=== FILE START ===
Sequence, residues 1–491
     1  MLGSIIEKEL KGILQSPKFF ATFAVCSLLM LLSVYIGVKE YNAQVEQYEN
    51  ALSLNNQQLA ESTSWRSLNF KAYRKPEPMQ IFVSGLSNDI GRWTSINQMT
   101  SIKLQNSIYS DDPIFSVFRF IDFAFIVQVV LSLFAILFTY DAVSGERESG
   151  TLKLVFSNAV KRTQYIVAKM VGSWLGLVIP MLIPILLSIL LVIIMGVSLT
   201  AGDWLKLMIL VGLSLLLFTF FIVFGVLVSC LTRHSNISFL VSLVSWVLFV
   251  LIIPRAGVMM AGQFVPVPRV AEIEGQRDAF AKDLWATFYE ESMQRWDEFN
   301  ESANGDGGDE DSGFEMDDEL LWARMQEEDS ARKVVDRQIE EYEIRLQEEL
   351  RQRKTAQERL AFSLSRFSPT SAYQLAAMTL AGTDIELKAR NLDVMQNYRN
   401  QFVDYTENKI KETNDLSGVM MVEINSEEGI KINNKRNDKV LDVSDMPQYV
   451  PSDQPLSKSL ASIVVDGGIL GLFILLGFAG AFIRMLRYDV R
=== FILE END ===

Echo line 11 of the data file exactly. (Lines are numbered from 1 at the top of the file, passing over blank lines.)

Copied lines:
   451  PSDQPLSKSL ASIVVDGGIL GLFILLGFAG AFIRMLRYDV R